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EU offers Turkey $3B, visas to help stem refugee flow

German Chancellor Angela Merkel said $3B was reasonable; refugee action plan cannot work without Turkey’s help

The European Union has offered Turkey a possible $3.41 billion in aid and the prospect of easier travel visas and re-energized talks on joining the bloc in return for its help stemming the flow of refugees to Europe.

EU leaders at a summit in Brussels said early on Friday that they agreed on an action plan with Turkish President Recep Tayyip Erdogan to cooperate on improving the lives of 2 million Syrian refugees in Turkey and encouraging them to stay put.

They also agreed to coordinate border controls to slow the influx of refugees crossing Turkey from the Middle East and other parts of Asia. 

Already hosting more than 2 million Syrians, Turkey has become a launching point for refugees — among them Syrians, Iraqis, Afghans and others — who set out for Europe via dangerous Mediterranean Sea crossings. Since January, about 710,000 people have crossed into Europe — a record number, according to Frontex, the EU border agency. About 3,000 people have died while making the dangerous journey.

Though the plan put no figure on "substantial and concrete new funds" the EU would offer, German Chancellor Angela Merkel said the figure of 3 billion euros, or $3.41 billion, which EU officials said Ankara requested, was discussed and seemed reasonable.

"Our intensified meetings with Turkish leaders ... in the last couple of weeks were devoted to one goal: stemming the migratory flows that go via Turkey to the EU. The action plan is a major step in this direction," said summit chairman Donald Tusk, expressing "cautious optimism."

In formal conclusions agreed to by the 28 national leaders at a meeting that ended after midnight, Turkey was offered an accelerated path to giving its citizens visa-free travel to the EU, provided it met previously agreed upon conditions.

Merkel, who will visit Istanbul for talks with Erdogan on Sunday, two weeks before a Turkish general election, said it was clear that Europe's efforts to filter and process refugees would not work without Turkey's cooperation.

French President François Hollande stressed that Turks were not getting visas on easier terms. One condition is that Ankara must first stop granting easy entry to Pakistanis, Afghans and others who end up heading to Europe.

Turkey must also first sign and implement a previously agreed upon deal to take back from Europe people who fail to win refugee status. "There must be no misunderstandings," Hollande said.

European lawmakers meeting in Brussels on Thursday pinned their hopes on cooperation from Turkey in the effort to help stop refugees from crossing into the European Union — a position that experts said continues a logic of externalization in dealing with the refugee crisis.

Merkel told German lawmakers in Berlin on Thursday before the meeting that "without a doubt, Turkey plays a key role in this matter," signaling many Europeans’ fears that hundreds of thousands more people will arrive from Turkey, where about 2.2 million Syrians are staying after fleeing violence in Syria, Iraq and Eritrea. Some experts estimate that up to 2 million more refugees may travel to Europe, depending on how Russia pursues its military operations in Syria.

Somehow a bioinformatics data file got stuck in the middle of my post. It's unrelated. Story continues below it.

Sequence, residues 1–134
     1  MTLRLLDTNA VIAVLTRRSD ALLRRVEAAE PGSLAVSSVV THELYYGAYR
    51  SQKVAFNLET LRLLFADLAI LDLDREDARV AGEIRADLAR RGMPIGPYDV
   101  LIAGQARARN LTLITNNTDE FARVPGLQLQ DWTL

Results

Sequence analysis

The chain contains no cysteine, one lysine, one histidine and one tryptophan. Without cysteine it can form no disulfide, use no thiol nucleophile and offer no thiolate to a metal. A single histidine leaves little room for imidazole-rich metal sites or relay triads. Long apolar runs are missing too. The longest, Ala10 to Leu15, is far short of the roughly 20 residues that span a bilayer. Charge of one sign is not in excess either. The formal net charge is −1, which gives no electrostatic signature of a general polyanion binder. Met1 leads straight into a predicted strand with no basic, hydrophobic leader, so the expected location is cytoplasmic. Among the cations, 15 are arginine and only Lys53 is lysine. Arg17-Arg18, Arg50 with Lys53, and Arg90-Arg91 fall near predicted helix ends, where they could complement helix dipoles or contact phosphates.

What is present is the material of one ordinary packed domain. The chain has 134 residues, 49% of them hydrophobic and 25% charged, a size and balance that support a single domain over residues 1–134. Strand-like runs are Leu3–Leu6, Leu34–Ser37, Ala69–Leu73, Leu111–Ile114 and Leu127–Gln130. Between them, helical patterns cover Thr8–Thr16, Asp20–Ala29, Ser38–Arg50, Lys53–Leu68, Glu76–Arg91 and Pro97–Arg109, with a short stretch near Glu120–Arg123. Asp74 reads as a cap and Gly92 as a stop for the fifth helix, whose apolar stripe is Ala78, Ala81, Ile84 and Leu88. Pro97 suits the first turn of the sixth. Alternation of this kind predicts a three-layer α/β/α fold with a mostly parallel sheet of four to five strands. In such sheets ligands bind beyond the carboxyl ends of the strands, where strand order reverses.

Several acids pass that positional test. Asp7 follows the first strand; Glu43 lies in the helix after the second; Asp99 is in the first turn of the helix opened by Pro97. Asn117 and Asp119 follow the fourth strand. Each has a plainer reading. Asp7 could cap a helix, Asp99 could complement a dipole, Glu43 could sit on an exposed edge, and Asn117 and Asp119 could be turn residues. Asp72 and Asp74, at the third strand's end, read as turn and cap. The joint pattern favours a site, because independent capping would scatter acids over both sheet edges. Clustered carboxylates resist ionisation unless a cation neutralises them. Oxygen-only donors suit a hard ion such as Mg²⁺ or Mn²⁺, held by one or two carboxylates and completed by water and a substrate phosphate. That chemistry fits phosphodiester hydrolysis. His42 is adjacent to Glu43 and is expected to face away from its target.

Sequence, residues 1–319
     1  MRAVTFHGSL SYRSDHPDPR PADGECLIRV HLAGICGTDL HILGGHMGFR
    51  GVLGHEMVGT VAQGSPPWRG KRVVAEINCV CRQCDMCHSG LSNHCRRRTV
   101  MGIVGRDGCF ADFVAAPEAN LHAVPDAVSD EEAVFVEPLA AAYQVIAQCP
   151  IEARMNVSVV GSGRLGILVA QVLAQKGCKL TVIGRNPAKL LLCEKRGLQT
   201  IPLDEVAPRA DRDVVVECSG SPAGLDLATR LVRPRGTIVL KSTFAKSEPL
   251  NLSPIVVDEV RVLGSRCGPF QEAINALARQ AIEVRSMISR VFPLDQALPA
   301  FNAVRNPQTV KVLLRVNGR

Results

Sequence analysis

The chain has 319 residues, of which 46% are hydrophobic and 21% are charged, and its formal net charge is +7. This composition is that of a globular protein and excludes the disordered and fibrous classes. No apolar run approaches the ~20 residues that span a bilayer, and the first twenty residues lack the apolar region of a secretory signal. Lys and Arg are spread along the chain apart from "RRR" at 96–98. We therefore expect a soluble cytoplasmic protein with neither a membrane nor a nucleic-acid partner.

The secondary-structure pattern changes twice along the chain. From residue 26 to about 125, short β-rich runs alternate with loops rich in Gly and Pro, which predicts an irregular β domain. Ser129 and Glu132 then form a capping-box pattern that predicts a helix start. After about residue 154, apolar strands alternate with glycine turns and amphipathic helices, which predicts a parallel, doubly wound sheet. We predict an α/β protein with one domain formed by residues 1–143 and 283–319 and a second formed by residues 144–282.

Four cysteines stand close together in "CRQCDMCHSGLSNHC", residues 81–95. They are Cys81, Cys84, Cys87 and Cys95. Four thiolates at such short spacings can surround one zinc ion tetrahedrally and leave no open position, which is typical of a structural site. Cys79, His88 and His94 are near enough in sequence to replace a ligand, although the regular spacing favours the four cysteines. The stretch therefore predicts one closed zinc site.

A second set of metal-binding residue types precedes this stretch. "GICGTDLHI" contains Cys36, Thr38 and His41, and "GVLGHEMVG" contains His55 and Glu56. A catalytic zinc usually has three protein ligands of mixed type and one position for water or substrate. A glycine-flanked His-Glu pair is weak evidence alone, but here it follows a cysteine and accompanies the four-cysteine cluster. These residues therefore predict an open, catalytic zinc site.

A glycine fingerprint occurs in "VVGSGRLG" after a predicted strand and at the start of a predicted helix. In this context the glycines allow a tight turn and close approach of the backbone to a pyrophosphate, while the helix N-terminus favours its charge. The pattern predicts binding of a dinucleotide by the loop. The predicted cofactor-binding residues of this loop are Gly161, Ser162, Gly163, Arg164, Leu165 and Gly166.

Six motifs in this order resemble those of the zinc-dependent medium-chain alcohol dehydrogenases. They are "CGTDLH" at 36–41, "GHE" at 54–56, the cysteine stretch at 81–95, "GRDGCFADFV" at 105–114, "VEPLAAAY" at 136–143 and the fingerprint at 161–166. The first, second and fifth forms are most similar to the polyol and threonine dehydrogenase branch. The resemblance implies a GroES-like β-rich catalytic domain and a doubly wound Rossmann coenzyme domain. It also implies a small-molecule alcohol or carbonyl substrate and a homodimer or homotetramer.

"Most war refugees who come to Europe travel via Turkey,” Merkel said Thursday. "We won't be able to order and stem the refugee movement without working together with Turkey."

Some experts said such collaboration would shift part of the responsibility to tackle the crisis to the EU's neighbors. After EU leaders failed in September to persuade their eastern members to agree on a quota system to relocate refugees from Italy and Greece across the bloc, Turkey is being asked to shoulder more of the burden, said Kemal Kirisci, a senior fellow at the Brookings Institution, a think tank based in Washington, D.C.

“Externalization is a very classic tactic that goes hand in hand with EU migration policies,” Kirisci said. “The EU have in the past adopted policies that try to keep refugees from coming to the EU.”

One way that this is done, he added, is by stemming irregular migration with "promises of development assistance, trade access and visa facilitation.”

Some of these promises are included in a draft action plan that EU Commission President Jean-Claude Juncker proposed earlier in October, which would have Turkey crack down on smugglers and increase border protection in exchange for visa facilitations of Turkish citizens, extra funds for the building of six refugee reception centers and other incentives.

While lawmakers look to Turkey to prevent more people from reaching Europe, individual countries have been passing domestic measures that limit protections for potential asylum seekers.

In Germany, lawmakers on Thursday approved legislation designating Kosovo, Albania and Macedonia safe countries, speeding up the possible return to those nations of migrants not deemed eligible for international protection. In Belgium, asylum seekers from Baghdad are no longer automatically granted protection, according to a measure passed in October. Also, the Netherlands has cut some benefits to refugees, prioritizing other applicants' social housing requests.

Bill Frelick, the director of the refugee program at Human Rights Watch, urged member countries to act in accordance with EU law. "The member states of the EU need to provide asylum to those people who meet the criteria of need and provide protection to those people making claims in their countries," he said.

With The Associated Press

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